Scaling is one of the most efficient methods for assessing perceptual image quality and its underlying dimensions (sharpness, brightness, colourfulness etc.) . Experiments with simple stimuli such as squares, circles and dot patterns have shown, however, that the outcome of a scaling experiment is susceptible to contextual effects [2, 3]. That is, the response to a stimulus depends not only on the stimulus itself but also on the other stimuli to be judged in a session. Contextual effects due to stimulus spacing or frequency of occurrence of stimuli have been found to have a substantial influence on the results of a single stimulus (or ‘direct’) scaling experiment . The present study examined whether contextual effects are also present when complex stimuli, in particular images of natural scenes, are evaluated. To this end, two experiments were carried out measuring the possible influence of stimulus spacing on the evaluation of perceived sharpness for the following three scaling techniques: single stimulus scaling, double stimulus scaling and a scaling procedure based on difference judgements. Note that these techniques represent the three kinds of evalu ation methods recommended by the International Telecommunication Union (ITU), formerly CCIR . The first experiment concerned the use of three different response scales during single stimulus scaling. The second experiment was a direct comparison between the three above-mentioned scaling techniques using a 10-point numerical category scale only. In both experiments the stimulus set consisted of blurred versions of one static image of a terrace scene.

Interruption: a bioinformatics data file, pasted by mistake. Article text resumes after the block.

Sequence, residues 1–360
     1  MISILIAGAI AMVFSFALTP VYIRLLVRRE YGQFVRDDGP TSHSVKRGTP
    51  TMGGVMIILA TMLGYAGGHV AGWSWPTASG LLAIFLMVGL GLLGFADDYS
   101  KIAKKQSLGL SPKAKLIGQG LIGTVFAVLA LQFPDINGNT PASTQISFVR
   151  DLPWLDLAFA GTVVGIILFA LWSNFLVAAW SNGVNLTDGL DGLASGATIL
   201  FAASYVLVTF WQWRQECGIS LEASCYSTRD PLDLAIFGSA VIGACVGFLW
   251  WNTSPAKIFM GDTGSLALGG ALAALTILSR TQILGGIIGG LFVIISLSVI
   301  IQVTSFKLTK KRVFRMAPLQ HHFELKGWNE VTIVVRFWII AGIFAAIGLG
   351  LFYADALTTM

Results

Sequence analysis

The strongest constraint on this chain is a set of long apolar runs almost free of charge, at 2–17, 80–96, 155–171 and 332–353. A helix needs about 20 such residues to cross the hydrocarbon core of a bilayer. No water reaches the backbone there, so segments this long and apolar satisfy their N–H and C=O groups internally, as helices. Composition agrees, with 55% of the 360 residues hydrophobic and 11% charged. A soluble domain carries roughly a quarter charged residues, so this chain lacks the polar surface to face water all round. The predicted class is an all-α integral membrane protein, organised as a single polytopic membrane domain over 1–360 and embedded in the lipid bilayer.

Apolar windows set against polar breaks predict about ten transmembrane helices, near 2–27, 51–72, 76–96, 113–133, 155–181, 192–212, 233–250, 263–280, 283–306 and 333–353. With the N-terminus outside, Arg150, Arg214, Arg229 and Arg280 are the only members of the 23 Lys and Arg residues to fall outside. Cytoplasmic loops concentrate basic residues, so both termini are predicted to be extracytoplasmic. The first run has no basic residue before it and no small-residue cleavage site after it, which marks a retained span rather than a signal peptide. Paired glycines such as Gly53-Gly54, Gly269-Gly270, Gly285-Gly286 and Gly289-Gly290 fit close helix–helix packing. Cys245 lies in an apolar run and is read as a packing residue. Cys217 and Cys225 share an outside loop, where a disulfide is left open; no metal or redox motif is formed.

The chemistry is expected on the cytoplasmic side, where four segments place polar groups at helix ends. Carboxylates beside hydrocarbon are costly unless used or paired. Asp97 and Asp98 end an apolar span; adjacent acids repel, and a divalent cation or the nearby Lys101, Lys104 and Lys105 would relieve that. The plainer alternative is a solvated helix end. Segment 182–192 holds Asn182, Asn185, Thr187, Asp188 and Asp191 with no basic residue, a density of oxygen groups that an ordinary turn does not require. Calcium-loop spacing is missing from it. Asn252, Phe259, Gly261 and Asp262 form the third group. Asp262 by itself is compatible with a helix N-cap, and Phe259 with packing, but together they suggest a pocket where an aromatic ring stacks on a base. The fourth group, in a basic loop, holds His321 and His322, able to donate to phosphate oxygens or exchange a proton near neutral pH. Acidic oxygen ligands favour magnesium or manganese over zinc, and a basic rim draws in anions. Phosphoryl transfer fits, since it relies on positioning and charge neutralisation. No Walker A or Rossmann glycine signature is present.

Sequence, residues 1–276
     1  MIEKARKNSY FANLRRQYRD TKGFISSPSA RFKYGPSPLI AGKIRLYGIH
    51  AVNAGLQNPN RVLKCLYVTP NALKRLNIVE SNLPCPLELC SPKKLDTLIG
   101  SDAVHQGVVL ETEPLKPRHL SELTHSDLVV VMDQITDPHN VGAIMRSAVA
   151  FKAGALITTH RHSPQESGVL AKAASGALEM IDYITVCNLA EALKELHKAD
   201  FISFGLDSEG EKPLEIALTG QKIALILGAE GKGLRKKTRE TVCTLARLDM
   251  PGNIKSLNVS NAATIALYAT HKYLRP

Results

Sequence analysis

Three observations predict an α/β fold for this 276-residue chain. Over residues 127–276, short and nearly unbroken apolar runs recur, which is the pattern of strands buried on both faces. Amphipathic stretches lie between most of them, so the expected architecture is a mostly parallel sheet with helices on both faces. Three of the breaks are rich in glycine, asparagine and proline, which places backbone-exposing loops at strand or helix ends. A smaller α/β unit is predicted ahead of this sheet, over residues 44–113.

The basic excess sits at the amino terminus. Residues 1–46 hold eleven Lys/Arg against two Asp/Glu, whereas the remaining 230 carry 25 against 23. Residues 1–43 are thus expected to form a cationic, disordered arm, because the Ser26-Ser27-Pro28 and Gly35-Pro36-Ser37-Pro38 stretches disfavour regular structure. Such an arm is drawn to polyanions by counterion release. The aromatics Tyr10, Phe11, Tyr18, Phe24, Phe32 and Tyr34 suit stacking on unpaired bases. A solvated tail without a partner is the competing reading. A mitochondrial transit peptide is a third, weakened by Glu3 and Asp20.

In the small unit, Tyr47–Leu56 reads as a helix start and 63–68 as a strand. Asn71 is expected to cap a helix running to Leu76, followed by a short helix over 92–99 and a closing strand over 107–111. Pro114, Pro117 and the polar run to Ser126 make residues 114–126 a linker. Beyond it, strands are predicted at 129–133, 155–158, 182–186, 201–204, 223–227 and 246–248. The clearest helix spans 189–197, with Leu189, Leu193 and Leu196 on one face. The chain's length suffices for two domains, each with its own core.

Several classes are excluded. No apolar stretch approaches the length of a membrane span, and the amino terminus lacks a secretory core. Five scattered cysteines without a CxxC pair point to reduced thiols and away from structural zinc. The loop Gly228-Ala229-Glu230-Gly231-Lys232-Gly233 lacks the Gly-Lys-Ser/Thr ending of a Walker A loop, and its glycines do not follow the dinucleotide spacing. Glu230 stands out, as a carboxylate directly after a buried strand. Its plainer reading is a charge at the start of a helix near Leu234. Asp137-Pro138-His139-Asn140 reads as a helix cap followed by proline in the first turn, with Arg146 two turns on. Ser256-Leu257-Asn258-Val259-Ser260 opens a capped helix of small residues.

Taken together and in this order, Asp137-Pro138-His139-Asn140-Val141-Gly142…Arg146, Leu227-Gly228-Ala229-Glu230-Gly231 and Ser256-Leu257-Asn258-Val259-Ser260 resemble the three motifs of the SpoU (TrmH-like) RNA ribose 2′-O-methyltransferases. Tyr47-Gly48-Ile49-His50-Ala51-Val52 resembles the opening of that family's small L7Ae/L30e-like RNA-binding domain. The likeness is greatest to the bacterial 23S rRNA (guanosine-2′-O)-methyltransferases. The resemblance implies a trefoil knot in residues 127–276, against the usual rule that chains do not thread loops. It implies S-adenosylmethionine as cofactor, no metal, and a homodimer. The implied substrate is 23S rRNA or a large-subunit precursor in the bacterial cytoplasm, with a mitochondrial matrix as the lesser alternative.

|Title of host publication||Advanced methods for the evaluation of television picture quality : proceedings of the MOSAIC workshop, Eindhoven, 18-19 September 1995|
|Editors||R. Hamberg, H. Ridder, de|
|Place of Publication||Eindhoven|
|Publication status||Published - 1995|